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Working Paper Number SEHSD-WP2015-21
David Ihrke, William Koerber, and Alison Fields
Component ID: #ti820593393


Several of the U.S. Census Bureau’s surveys measure geographic mobility. This paper focuses on 2013 migration data collected through two different surveys, the American Community Survey (ACS) and the Annual Social and Economic Supplement (ASEC) of the Current Population Survey.

The ASEC offers a historical perspective on annual migration that is unparalleled. It first asked respondents about their movement in 1948. Data are available at the national and regional levels. There are two important, additional measures offered by ASEC: reason for move and distance moved. Neither is currently available through the ACS.

While the ACS cannot highlight long-term trends, its strengths include the ability to focus on smaller geographies and populations. Migration data are available to the city/town level. There are also ACS flow products available down to the county level. This level of detail is too refined for ASEC migration data.

Even though the two surveys have similar migration questions, design and methodological differences result in different estimates. This paper discusses these differences and notes changes since full ACS implementation in 2005. The analysis evaluates national mover rates for each survey, and includes an exercise to create a hypothetical ACS mover rate using only counties in the CPS sample to illustrate if county coverage in the CPS sample contributes to observable differences in mover rates between the surveys.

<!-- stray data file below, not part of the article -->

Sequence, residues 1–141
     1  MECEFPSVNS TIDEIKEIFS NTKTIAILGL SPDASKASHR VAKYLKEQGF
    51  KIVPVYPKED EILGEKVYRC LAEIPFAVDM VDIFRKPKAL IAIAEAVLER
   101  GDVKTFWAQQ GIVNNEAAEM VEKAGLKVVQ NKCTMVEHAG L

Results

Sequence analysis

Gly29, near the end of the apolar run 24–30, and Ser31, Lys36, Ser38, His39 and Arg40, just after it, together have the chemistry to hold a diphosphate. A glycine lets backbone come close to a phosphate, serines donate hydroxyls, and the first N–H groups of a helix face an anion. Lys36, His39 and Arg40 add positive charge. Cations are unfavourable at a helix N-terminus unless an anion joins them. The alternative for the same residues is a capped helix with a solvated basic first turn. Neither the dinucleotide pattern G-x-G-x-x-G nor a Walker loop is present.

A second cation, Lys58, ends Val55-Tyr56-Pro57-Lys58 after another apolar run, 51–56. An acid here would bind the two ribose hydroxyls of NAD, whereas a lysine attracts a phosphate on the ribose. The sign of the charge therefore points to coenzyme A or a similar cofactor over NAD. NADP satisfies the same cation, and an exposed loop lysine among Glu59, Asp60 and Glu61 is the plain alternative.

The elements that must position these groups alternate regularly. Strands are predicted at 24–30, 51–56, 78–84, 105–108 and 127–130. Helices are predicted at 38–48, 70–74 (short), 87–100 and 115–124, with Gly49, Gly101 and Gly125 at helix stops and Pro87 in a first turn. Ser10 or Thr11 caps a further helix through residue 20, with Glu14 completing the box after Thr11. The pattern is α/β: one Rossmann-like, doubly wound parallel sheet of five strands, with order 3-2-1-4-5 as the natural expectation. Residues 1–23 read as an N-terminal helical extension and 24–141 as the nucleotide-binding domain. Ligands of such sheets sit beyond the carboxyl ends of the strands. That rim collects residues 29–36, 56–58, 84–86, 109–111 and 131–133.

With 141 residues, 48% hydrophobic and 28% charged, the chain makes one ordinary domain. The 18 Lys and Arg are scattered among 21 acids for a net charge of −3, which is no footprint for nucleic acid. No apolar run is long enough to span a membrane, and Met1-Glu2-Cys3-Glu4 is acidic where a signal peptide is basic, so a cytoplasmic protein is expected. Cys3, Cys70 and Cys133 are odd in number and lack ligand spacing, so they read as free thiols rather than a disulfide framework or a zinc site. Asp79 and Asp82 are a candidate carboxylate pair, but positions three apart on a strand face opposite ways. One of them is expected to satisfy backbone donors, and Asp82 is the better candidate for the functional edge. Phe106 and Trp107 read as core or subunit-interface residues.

General guidance is provided regarding when to use the ACS or ASEC for migration estimates. The main conclusion of this paper is that there is no single, easily identifiable reason why migration estimates differ across these two surveys. Instead, there are a surplus of factors that each contribute to observed differences, which are summarized in a quick reference comparison matrix of the various factors provided in the appendix section. This is the first in a series of planned evaluations of Census migration data compared to other surveys, population estimates, and administrative records. Numerous elements discussed in this paper will be explored in-depth in future papers.

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